A New York Estate Planning Lawyer is aware that it is of utmost importance to review a person’s assets when formulating an estate plan. Initially, it may seem that determining the value of assets is a primary concern so that estate taxes can be estimated and planned for and appropriate provisions can be made to afford varying estate shares to beneficiaries.
While estimated estate valuations should be known, it is equally important to obtain detailed information regarding the manner in which various estate assets are owned. For example, the title on a deed should be examined to determine whether the testator’s name actually appears on the deed. Sometimes, a testator will have inherited the property from a parent or another relative or friend under a Last Will. However, the actual transfer of title into the beneficiary’s name may not have been completed by the Executor. Also, title to the property may be held jointly with another person or as a tenant in common with each person having a separate share or interest in the asset.
These ownership interests are important since a Last Will is generally going to control the disposition of assets held in the decedent’s name alone. If the property is held with another as joint tenants with a right of survivorship, upon the death of a joint tenant the asset will automatically become owned in its entirety by the surviving joint tenant. This automatic ownership will occur notwithstanding provisions in a Last Will that attempt to give the same property to a different person.
Controversies created by estate property ownership cause major problems for Estate Settlement and often result in Estate Litigation. A recent example of such litigation appeared in the case Herskovitz v. Steinmetz, decided by Justice Richard F. Brown (Supreme Court, New York County) on May 16, 2013 and reported in the New York Law Journal on May 29, 2013. In Herskovitz, a decedent owned a cooperative apartment along with his wife. However, the cooperative stock certificate simply had both their names on the certificate without indicating whether the married parties intended a joint ownership or tenancy in common. Since the decedent’s Last Will left his residuary estate to his daughters, if the cooperative apartment was owned by the decedent as a tenant in common the decedent’s share would have gone to the daughters under his Last Will. However, a joint tenancy with the wife with a right of survivorship would result in the wife automatically owning the apartment upon the decedent’s death and the daughters receiving no interest in the apartment under the Will.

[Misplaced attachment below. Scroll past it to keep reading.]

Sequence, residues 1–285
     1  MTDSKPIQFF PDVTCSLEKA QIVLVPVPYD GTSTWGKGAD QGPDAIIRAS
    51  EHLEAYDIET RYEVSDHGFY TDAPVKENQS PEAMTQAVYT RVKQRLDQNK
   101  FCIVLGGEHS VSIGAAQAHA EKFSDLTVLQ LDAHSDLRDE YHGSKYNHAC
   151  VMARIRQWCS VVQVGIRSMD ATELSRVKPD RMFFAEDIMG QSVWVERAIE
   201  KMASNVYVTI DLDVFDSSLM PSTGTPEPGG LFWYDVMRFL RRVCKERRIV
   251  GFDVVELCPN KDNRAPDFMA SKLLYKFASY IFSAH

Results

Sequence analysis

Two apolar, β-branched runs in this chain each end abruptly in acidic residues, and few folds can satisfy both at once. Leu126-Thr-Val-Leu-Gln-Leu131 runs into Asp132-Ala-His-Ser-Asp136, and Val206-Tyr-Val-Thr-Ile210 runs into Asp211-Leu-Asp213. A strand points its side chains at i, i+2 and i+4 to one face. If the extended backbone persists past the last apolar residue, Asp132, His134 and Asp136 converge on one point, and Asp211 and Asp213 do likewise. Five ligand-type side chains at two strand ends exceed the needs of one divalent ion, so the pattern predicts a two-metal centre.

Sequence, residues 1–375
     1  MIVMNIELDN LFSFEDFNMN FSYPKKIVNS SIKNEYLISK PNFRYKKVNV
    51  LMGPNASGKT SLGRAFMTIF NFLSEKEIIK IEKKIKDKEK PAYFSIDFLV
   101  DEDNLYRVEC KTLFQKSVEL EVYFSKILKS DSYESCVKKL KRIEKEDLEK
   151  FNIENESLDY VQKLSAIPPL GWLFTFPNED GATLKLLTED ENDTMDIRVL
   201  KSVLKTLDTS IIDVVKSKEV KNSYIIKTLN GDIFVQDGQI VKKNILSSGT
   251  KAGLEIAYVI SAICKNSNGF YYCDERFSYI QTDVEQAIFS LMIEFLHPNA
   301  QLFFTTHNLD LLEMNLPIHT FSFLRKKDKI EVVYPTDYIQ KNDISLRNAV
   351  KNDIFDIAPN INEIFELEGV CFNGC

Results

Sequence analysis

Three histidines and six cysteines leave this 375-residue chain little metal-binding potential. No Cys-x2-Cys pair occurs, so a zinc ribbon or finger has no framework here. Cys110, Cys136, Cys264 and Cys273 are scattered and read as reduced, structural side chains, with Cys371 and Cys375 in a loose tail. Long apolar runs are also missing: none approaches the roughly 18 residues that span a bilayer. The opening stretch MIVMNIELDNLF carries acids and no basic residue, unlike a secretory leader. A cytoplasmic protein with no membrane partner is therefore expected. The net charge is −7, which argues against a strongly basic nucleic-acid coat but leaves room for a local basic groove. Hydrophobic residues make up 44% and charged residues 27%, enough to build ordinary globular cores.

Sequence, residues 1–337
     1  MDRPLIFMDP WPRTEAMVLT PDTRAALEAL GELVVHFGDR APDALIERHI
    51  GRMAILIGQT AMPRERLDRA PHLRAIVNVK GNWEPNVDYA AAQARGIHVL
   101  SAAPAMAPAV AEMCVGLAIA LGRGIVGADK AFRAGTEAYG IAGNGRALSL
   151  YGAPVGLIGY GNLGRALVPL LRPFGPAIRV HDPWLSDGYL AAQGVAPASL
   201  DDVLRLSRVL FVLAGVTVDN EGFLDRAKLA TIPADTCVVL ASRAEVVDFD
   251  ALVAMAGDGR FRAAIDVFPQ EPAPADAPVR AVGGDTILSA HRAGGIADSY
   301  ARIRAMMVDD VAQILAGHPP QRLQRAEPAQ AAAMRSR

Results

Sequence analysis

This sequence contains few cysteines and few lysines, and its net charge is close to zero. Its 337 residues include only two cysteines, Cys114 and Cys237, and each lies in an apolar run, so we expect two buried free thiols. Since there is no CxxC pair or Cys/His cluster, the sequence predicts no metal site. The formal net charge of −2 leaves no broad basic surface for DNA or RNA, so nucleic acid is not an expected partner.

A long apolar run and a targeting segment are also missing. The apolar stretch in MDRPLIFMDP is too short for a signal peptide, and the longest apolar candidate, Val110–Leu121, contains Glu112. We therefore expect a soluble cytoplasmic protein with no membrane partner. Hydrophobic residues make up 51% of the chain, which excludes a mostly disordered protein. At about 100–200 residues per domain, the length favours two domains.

After reviewing the various evidence, which included joint tenancy language in the decedent’s cooperative Proprietary Lease, the Court found that the cooperative apartment was owned by the decedent and his wife as joint tenants with survivorship rights. It should be noted that the facts of this case involved the ownership of a cooperative apartment by a husband and wife where ownership began before a 1996 amendment to New York Estates, Powers and Trusts Law Section 6-2.2. Under paragraph (c) of the amended law, stock of a cooperative apartment issued to a husband and wife creates a tenancy by the entirety unless expressly declared otherwise. A tenancy by the entirety results in the surviving spouse automatically owning the entire asset upon the death of the other spouse.
Therefore, when planning an estate and preparing for the proper disposition of assets a good starting point is to review the title and official or registered ownership of the assets whether they be a bank account, real estate or securities so that the Last Will, Trust and the entire plan accurately provides for the disposition of estate assets.
New York Trusts and Estates Attorney Jules Martin Haas, Esq. has been representing clients in New York Trusts and Estates matters and Surrogate’s Court proceedings throughout the past 30 years in New York, including Queens and Nassau Counties. If you or someone you know is involved with or has questions about a New York Estate, please contact me at (212) 355-2575 or email: firstname.lastname@example.org, for an initial consultation.
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